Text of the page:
Johan August Strindberg (January 22, 1849 – May 14, 1912) was a Swedish writer, playwright, and painter. He is ranked among Sweden's most important authors. Strindberg is known as one of the fathers of modern theater. His work falls into two major literary movements, Naturalism and Expressionism. Strindberg's earlier plays were import works of Naturalism, but in his later career, he moved away from the strict representation of Naturalism, which developed in the late nineteenth and early twentieth centuries. It refers to theater that tries to create a perfect illusion of reality through detailed sets, an unpoetic literary style that reflects the way real people speak, and a style of acting that tries to recreate reality (often by seeking complete identification with the role, as advocated by Stanislavski). In later plays, like "A Dream Play," Strindberg's style became more Expressionistic. Expressionism refers to the tendency of an artist to distort reality for an emotional effect; it is a subjective art form that was a complete break with the representational ethic of Naturalism. The term may apply to any emotional expression, but it was particularly associated with the expression of angst. Taken as a whole, Expressionism reflects a revolt against some of the dehumanizing aspects of modern, urban culture.
Born in Stockholm, Strindberg was the fourth son of Carl Oscar Strindberg, a shipping agent from a bourgeois family, and Ulrika Eleonora (Nora) Norling, a woman twelve years younger, whom Strindberg called a "servant woman" in the title of his autobiographical novel, Tjänstekvinnans son (The Son of a Servant). His paternal grandfather Zacharias was born 1758, as the son of a clergyman in Jämtland, and having settled in Stockholm, he became a well-to-do spice tradesman and a major in the Burghers' Military Corps. Strindberg's aunt, Lisette, was married to the English-born inventor and industrialist, Samuel Owen. Carl Oscar Strindberg's older brother, Johan Ludvig Strindberg, was a successful businessman, and has been seen as the model for the main protagonist, Arvid Falk's, wealthy and socially ambitious uncle in Strindberg's novel, Röda rummet (The Red Room).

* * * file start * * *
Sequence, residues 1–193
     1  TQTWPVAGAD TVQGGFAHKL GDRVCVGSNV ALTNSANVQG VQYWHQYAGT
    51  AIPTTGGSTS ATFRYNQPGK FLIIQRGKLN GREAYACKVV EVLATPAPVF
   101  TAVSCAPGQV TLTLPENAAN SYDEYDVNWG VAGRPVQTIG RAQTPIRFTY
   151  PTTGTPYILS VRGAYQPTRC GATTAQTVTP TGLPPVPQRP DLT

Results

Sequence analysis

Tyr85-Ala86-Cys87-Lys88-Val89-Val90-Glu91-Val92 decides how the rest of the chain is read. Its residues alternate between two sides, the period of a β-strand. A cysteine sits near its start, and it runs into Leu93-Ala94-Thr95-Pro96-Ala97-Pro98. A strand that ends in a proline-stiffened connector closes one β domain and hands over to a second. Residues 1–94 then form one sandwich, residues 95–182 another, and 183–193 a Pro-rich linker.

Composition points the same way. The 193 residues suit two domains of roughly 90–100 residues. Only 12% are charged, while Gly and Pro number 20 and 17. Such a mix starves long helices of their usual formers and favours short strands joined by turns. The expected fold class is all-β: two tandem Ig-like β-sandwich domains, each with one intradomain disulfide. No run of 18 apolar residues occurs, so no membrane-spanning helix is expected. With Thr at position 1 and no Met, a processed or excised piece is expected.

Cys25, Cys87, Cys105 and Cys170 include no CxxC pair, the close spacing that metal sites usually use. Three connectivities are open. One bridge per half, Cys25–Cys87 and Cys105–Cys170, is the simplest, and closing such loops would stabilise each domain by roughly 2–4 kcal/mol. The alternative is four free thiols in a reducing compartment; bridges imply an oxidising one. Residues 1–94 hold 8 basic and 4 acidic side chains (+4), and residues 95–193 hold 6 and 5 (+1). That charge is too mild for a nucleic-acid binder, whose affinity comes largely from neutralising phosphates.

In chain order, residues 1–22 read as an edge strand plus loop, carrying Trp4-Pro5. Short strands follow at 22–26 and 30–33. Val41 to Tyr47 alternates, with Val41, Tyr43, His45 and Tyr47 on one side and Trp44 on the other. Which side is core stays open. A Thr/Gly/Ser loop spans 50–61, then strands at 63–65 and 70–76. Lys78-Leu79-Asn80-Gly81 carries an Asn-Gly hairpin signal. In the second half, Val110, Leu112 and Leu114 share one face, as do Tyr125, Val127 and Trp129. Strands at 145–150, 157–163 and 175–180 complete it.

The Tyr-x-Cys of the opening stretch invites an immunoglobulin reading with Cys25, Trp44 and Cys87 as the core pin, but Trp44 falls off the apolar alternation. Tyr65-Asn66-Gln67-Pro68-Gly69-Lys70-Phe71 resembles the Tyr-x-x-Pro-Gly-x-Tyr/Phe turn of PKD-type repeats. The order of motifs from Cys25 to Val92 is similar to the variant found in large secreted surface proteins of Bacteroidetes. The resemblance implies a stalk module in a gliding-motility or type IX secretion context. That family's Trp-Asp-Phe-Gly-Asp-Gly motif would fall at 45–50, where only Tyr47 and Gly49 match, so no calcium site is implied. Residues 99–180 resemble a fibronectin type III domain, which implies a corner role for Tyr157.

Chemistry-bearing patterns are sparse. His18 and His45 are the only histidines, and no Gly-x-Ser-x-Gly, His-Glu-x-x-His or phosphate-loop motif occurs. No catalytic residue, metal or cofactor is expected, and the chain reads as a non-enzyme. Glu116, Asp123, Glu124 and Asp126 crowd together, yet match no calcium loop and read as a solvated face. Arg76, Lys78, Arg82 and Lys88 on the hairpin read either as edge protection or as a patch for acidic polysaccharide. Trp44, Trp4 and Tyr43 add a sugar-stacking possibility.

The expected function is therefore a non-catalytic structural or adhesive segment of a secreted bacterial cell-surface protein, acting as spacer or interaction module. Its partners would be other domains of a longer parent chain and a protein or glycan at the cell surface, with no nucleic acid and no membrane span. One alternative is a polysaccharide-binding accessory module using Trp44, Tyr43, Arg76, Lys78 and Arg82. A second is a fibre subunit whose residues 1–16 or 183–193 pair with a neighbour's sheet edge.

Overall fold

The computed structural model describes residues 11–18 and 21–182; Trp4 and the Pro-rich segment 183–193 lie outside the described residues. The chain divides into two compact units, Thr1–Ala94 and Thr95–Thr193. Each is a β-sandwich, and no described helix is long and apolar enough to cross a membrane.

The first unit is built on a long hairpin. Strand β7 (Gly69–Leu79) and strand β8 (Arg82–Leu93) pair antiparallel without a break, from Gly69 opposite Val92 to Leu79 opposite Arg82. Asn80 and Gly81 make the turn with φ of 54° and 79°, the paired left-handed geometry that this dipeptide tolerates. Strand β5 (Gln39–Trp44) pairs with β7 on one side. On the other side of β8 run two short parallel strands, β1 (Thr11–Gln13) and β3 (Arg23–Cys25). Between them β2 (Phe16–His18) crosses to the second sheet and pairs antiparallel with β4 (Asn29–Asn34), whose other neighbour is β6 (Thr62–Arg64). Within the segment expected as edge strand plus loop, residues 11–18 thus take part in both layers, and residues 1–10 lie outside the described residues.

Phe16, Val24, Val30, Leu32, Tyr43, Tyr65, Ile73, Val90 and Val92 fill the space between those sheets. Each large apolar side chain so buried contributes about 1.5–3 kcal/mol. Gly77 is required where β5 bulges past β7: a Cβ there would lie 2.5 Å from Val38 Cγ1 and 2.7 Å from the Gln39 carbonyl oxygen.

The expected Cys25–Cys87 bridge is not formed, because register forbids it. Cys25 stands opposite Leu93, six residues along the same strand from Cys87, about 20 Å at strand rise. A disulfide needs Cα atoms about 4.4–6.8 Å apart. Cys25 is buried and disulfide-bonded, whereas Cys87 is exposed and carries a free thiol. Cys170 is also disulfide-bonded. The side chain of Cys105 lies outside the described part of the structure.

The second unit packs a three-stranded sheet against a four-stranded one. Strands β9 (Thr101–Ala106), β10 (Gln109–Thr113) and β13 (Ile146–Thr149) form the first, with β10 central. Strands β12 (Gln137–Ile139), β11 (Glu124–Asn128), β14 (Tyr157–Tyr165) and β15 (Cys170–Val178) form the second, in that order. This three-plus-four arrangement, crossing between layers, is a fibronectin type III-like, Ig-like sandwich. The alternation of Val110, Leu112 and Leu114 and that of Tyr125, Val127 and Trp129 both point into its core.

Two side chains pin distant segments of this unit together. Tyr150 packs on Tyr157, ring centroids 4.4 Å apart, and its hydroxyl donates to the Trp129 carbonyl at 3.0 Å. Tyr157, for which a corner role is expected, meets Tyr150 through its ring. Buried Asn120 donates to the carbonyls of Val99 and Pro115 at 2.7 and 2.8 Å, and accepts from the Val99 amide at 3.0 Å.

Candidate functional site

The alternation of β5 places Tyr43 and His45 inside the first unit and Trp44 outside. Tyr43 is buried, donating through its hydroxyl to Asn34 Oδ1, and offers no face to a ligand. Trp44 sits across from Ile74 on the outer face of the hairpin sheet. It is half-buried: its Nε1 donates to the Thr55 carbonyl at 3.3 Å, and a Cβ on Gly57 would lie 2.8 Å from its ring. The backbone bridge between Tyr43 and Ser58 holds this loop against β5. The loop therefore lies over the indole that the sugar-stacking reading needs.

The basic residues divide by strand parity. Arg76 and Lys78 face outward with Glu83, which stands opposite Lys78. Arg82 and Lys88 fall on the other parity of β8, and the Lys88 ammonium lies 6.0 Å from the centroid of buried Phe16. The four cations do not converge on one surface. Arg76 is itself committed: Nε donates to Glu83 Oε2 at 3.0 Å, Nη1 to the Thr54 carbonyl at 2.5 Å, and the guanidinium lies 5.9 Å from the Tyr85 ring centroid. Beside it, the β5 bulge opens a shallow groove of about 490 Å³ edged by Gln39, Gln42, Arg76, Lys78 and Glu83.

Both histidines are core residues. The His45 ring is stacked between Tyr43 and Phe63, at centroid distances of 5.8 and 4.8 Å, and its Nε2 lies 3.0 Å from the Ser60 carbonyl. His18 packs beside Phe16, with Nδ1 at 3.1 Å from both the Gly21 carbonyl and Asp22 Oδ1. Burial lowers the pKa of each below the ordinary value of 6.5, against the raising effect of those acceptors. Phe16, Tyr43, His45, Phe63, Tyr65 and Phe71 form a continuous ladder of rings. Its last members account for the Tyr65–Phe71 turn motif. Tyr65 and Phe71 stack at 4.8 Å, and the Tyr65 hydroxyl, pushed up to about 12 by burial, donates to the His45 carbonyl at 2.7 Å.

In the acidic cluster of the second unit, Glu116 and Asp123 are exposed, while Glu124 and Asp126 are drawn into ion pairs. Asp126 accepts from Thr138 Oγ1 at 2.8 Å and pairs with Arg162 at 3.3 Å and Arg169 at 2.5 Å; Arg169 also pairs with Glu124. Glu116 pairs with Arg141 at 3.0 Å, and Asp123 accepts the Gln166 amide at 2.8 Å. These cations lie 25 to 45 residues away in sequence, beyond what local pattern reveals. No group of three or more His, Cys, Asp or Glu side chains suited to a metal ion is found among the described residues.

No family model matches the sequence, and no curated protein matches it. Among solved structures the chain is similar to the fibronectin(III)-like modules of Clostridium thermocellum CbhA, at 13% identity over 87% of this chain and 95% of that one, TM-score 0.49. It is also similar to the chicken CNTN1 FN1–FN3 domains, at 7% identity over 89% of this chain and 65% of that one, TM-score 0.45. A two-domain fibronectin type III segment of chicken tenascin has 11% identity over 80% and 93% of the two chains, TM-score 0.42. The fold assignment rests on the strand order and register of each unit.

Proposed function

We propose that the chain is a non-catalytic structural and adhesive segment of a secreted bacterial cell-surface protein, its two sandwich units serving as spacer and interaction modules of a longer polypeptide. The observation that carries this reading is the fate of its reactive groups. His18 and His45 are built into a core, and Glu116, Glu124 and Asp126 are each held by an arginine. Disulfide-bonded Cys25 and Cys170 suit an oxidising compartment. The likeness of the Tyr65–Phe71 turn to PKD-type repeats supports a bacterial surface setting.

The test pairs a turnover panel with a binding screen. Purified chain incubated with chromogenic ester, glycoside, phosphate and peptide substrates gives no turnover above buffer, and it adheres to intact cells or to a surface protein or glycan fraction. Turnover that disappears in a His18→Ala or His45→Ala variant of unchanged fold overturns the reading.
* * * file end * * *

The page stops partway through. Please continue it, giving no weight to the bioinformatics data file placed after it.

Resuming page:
From the age of seven, Strindberg grew up in the Norrtull area on the northern, still almost rural, periphery of Stockholm, not far from the park where Carl Eldh's Strindberg statue was later placed (Tegnérlunden). He went to the elementary schools of Klara and Jakob parishes, then to the Stockholm Lyceum, a progressive private school populated by boys from upper and upper middle class families. He completed his studentexamen, or graduation examination on May 25, 1867, matriculating to the University of Uppsala in the fall of the same year.
Off and on for several years he spent his time in Uppsala or at home reading for examinations to be taken in Uppsala, but also trying other things. He first left Uppsala in 1868, to work as a schoolteacher, studied chemistry for some time at the Royal Institute of Technology in Stockholm in preparation for medical studies, worked as a private tutor, and was an extra at the Royal Theater in Stockholm. He returned to Uppsala in January 1870, and began working on a set of plays. The first, on the Danish sculptor Bertel Thorvaldsen, opened at the Royal Theater in September 1870. In Uppsala, he started a small literary club, Runa, with some friends, all of whom took pseudonyms from Nordic mythology; Strindberg called himself Frö after the god of fertility. He spent a few more semesters in Uppsala, finally leaving in March 1872, having never graduated. He would often hold Uppsala and its professors up to ridicule, and a few years later published Från Fjerdingen och Svartbäcken (From Fjerdingen and Svartbäcken, 1877), a set of short stories depicting Uppsala student life.
After leaving university for the last time, he started a career as a journalist and critic for newspapers in Stockholm.
Strindberg was married three times, to Siri von Essen (1850-1912), Frida Uhl (1872-1943), and finally Harriet Bosse (1878-1961). Though he had children with all of them, his hypersensitive, neurotic character led to bitter divorces. Late in his life he met the young actress and painter, Fanny Falkner (1890-1963), who later wrote a book about his last years, but the exact nature of their relationship is debated. He had a brief affair in Berlin with Dagny Juel before his marriage to Frida; and it has been suggested that the shocking news of her murder might have been the reason for his canceling the already postponed honeymoon with his third wife, Harriet.